Once the home of a club that attracted top names from the music world, Pitsmoor no longer has a rock’n’roll reputation. But it does retain a strong sense of community and offers sizeable properties within its Sheffield suburb for very competitive prices.Its an exciting time for the area, too, as plans are forging ahead for a new school, for youngsters aged from three to 18. It involves a new build element, along with the refurbishment of the former Pye Bank School.Peter Stringfellow and his brother Geoff were the owners of the King Mojo Club on Barnsley Road, that in its heyday boasted visits from performers such as Rod Stewart, Ike and Tina Turner, Jimmy Hendrix, Elton John, The Who and many others.That was in the 1960s. The club was within a large Victorian house, and some properties from that era remain in Pitsmoor. The club thrived until 1967 when the council took heed of noise complaints from local residents and declined to grant a further entertainment licence. Modern housing has replaced it.Pitsmoor was once a much sought after suburb. These days it is a busy area with great links in to the city. It hosts a lively gospel choir based in the Christ Church ‘hub’, a well-used park and adventure playground and a diverse community.Christ Church has its own Welcome Centre that opened in 1985. It runs a monthly international meal for asylum seekers and it is used by many local community groups for their meetings and activities.Here, it’s possible to buy a two-bedroomed semi-detached home for £65,000, and Pitsmoor is seen as a great location for commuters, with strong transport links, direct access into the city centre and only 2.5 miles to Valley Entertainment and the Sheffield Arena.Abbeyfield House and Garden, built in 1837, was once called Pitsmoor Abbey but its name was changed by a solicitor, Bernard Wake, when he bought the property. In 1909 Sheffield Corporation acquired the house and land and the grounds became a park. The house has had a number of uses including being a school, and is now largely office space.Each July the Abbeyfield Multicultural Festival takes place in the park, to which people travel from across the city.A group meets regularly in Pitsmoor for health walks.Francis Feeley has lived in the area for many years and is involved in running weekly walking sessions as part of the Step Out Sheffield team.He said: “People walk and then share a drink and a chat - there is a strong social aspect to the activity.”Pitsmoor, he said, is small within its actual boundaries that have become more blurred over years. It is shown on the 1750 map as a distinct separate village.There are many houses dating back to the early nineteenth century, including on Rock Street, where a sizeable property sold for just £500 20 years ago, recalled Mr Feeley. Some homes have large front and rear gardens and can offer value family accommodation. “Properties here would command a fortune in some parts of Sheffield,” added Mr Feeley.“Pitsmoor is a brilliant place. People come and go. Pre-war there was an influx of Irish people then in the 1950s steelworkers were here and the Pitsmoor houses were seen as quite prestigious, upwind of the steelworks. Tradesmen were prolific. Much of today’s Pitsmoor was built in the 1880s.”These days the area attracts a diverse range of residents, with business people, actors, artists and musicians among those who choose to live there. “The schools are good so families do take advantage of their proximity. You can walk straight in to town and some views around here are little short of remarkable,” Mr Feeley added.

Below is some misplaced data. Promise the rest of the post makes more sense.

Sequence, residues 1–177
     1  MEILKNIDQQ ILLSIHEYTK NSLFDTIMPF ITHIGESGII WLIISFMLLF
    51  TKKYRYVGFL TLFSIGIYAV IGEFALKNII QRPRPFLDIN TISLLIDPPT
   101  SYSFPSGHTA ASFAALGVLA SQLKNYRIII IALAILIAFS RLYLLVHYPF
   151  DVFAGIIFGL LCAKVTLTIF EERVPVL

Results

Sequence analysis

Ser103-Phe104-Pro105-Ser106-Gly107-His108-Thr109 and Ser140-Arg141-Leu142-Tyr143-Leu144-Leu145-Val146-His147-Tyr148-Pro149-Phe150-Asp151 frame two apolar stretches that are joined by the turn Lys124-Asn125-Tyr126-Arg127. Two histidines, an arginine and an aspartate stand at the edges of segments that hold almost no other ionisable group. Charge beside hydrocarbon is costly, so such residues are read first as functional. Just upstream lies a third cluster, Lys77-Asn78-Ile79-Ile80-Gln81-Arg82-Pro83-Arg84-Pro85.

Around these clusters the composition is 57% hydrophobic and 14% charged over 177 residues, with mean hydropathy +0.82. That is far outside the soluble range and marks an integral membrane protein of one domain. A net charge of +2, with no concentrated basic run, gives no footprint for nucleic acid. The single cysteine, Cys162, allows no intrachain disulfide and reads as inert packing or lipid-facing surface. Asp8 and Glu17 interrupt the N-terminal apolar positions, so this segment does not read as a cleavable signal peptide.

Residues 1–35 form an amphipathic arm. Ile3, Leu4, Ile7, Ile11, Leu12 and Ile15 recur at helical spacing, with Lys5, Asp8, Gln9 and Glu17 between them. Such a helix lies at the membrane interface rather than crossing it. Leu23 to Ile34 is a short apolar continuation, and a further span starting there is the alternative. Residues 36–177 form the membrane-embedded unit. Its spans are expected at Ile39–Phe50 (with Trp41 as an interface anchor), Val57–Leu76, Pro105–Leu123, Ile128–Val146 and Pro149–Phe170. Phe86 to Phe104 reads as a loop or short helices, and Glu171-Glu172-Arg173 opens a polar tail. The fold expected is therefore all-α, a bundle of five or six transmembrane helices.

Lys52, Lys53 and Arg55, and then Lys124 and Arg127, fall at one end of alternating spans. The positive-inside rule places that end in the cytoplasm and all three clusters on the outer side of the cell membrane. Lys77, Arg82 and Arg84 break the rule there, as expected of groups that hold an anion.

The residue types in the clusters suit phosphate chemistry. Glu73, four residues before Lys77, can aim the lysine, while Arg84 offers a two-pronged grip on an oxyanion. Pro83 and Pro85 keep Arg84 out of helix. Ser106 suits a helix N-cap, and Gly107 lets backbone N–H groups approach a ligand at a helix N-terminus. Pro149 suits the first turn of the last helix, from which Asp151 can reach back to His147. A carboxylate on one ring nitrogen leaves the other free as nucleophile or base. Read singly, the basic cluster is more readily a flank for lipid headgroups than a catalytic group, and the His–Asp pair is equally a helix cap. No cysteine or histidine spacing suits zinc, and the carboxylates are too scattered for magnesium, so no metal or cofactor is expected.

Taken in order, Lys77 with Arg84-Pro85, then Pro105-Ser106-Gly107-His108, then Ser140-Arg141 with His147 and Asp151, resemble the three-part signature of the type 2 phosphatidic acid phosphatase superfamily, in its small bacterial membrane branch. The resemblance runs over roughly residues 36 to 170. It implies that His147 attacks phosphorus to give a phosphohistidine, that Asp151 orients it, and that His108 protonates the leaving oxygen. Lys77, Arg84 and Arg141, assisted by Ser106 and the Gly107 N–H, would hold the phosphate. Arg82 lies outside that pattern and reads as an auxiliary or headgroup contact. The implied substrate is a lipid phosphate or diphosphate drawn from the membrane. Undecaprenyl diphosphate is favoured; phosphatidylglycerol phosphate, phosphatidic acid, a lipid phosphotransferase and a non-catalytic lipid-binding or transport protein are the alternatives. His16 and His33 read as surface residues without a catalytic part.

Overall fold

South Yorkshire suburb with views, value properties, and just a stroll from the city
By The Newsroom
Tuesday, 16th January 2018, 9:50 am
Tuesday, 16th January 2018, 10:03 am